I wish after interviews I received constructive criticism. I don't see anything wrong with letting someone know why they are not suitable for a position. As far as the legal end I can’t think of any reason why there would be a problem unless the reason the applicant wasn't hired was because of personal choice or discrimination.

I would advise against this every time. NEVER put anything in writing and give it to an unwanted candidate or anyone you terminate. Some people have interviews just so they can go to court to sue for unfair/discriminatory practices and then they would have your typed, signed letter in court explaining why. Bad idea and you have no relationship with the person, it is not worth it.

I don't think you are under any kind of obligation to give her this kind of information. Of course, it's always a disappointment when you aren't chosen for a job but usually the Human Resource Departments are much too busy to give this much attention to just one person. What if everyone wanted the same kind of information? All you can do is put your best foot forward in an interview and hope for the best. I would just tell her that according to policy, you cannot give out that type of information and with the volumn of candidates you have everyday, you cannot possibly tell everyone what they did right or could have done better in their interview.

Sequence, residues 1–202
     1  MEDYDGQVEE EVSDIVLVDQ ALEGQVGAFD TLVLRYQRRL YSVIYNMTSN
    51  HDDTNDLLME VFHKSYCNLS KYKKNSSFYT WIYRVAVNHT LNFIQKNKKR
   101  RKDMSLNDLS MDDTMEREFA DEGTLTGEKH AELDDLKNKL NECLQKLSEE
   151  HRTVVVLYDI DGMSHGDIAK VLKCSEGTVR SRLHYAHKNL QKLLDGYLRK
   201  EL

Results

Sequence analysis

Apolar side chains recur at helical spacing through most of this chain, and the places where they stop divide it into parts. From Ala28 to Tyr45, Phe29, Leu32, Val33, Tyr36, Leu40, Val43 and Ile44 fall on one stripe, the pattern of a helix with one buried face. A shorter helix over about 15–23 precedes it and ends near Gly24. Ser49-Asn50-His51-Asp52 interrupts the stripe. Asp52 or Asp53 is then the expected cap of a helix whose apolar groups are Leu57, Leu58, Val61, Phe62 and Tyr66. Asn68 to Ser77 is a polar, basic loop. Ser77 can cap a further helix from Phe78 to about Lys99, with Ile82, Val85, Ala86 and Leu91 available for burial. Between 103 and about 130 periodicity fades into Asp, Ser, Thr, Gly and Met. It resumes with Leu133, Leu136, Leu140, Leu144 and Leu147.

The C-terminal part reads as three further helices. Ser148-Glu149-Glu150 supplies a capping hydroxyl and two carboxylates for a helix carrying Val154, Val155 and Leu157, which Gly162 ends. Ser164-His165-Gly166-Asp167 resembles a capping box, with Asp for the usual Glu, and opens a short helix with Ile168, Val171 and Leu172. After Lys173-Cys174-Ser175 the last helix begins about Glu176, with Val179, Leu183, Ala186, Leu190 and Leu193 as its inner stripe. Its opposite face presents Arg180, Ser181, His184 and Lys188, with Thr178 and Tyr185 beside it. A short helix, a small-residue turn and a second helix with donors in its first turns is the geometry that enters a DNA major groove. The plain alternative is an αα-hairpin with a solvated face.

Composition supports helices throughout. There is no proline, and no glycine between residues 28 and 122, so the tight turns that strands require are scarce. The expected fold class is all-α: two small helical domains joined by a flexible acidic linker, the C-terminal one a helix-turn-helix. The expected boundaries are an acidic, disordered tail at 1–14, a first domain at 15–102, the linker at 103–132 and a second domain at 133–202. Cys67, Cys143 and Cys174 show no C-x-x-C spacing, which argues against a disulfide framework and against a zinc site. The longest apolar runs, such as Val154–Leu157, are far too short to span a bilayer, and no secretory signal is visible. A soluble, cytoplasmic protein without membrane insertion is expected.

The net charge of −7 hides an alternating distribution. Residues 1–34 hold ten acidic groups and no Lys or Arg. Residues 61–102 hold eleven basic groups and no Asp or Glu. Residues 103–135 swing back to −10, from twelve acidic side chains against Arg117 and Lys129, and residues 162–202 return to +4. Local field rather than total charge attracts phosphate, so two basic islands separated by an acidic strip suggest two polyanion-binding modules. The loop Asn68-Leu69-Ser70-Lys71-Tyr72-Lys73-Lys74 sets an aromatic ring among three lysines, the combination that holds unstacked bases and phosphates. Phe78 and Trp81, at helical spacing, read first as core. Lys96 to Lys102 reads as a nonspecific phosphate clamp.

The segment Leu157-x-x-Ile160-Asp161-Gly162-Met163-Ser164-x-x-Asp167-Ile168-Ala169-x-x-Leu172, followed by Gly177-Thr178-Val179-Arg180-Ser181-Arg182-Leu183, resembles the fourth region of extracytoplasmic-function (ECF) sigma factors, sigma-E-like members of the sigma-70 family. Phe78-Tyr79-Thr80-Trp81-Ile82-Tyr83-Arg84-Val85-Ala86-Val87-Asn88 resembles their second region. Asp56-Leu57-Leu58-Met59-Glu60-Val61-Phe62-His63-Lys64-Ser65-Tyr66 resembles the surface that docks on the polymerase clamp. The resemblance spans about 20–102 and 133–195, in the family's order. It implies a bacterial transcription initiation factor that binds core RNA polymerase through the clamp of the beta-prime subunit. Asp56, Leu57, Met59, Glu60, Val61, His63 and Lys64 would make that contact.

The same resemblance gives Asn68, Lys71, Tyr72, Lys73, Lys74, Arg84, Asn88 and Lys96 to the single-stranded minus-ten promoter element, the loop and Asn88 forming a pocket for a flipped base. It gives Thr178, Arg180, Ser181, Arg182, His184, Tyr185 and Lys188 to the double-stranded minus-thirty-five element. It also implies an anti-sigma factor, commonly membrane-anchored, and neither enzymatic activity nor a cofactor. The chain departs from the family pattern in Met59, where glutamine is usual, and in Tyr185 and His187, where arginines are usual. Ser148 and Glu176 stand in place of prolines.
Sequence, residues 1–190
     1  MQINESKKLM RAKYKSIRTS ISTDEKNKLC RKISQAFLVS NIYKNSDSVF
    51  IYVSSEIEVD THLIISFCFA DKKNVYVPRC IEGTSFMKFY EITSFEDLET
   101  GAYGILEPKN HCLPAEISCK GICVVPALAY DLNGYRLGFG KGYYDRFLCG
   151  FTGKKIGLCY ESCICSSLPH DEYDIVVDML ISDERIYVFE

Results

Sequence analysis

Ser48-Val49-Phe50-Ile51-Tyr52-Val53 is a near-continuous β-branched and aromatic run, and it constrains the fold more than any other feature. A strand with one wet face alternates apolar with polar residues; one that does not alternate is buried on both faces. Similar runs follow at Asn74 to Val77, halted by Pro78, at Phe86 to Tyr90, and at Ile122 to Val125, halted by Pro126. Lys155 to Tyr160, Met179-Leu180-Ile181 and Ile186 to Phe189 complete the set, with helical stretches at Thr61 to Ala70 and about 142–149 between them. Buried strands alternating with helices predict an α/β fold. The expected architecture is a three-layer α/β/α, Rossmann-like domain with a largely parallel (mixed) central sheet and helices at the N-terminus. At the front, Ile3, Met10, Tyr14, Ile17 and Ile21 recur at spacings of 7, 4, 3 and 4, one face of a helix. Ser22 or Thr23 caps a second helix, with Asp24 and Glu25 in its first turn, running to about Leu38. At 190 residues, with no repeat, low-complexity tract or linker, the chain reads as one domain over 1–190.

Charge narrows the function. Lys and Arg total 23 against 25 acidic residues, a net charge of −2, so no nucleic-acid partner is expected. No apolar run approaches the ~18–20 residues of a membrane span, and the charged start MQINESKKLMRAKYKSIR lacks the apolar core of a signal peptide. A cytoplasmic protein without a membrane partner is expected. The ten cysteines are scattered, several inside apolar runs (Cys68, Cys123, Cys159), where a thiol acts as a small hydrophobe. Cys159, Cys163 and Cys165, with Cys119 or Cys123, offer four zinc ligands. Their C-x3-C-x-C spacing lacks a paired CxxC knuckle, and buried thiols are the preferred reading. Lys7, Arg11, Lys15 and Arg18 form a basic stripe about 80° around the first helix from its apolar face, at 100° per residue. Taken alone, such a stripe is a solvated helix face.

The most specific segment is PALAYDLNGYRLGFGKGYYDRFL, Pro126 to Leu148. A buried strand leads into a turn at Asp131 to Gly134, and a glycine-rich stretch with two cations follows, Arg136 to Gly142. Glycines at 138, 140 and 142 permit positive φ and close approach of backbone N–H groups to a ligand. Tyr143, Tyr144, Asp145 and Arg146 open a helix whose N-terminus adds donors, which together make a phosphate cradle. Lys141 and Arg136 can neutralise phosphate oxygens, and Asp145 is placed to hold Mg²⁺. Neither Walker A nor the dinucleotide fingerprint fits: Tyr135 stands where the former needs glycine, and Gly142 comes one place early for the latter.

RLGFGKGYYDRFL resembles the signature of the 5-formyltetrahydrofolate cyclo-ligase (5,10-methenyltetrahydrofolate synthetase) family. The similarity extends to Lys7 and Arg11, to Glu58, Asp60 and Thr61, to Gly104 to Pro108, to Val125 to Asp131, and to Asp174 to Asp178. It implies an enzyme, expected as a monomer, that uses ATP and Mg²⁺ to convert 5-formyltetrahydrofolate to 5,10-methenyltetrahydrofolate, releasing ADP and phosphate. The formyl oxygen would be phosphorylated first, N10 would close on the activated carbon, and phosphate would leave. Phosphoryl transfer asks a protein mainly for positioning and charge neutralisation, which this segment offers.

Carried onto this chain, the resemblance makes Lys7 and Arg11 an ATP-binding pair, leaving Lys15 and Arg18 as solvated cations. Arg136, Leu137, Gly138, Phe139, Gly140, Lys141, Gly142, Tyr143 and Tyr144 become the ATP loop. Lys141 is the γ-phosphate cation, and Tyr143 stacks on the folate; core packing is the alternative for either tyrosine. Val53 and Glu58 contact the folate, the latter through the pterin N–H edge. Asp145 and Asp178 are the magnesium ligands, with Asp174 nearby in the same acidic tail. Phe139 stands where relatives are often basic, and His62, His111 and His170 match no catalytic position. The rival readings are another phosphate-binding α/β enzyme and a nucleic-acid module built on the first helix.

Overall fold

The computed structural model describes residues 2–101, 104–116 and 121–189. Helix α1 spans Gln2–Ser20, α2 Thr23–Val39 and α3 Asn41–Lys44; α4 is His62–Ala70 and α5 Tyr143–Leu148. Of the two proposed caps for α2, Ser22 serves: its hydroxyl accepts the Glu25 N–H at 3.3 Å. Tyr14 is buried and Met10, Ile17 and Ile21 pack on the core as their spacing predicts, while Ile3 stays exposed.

Well, I guess I am in the minority here because I am looking at this situation from the candidate's point of view. One is told to contact potential employers after being turned down and specifically ask for feedback on the interview so you can't fault her for trying.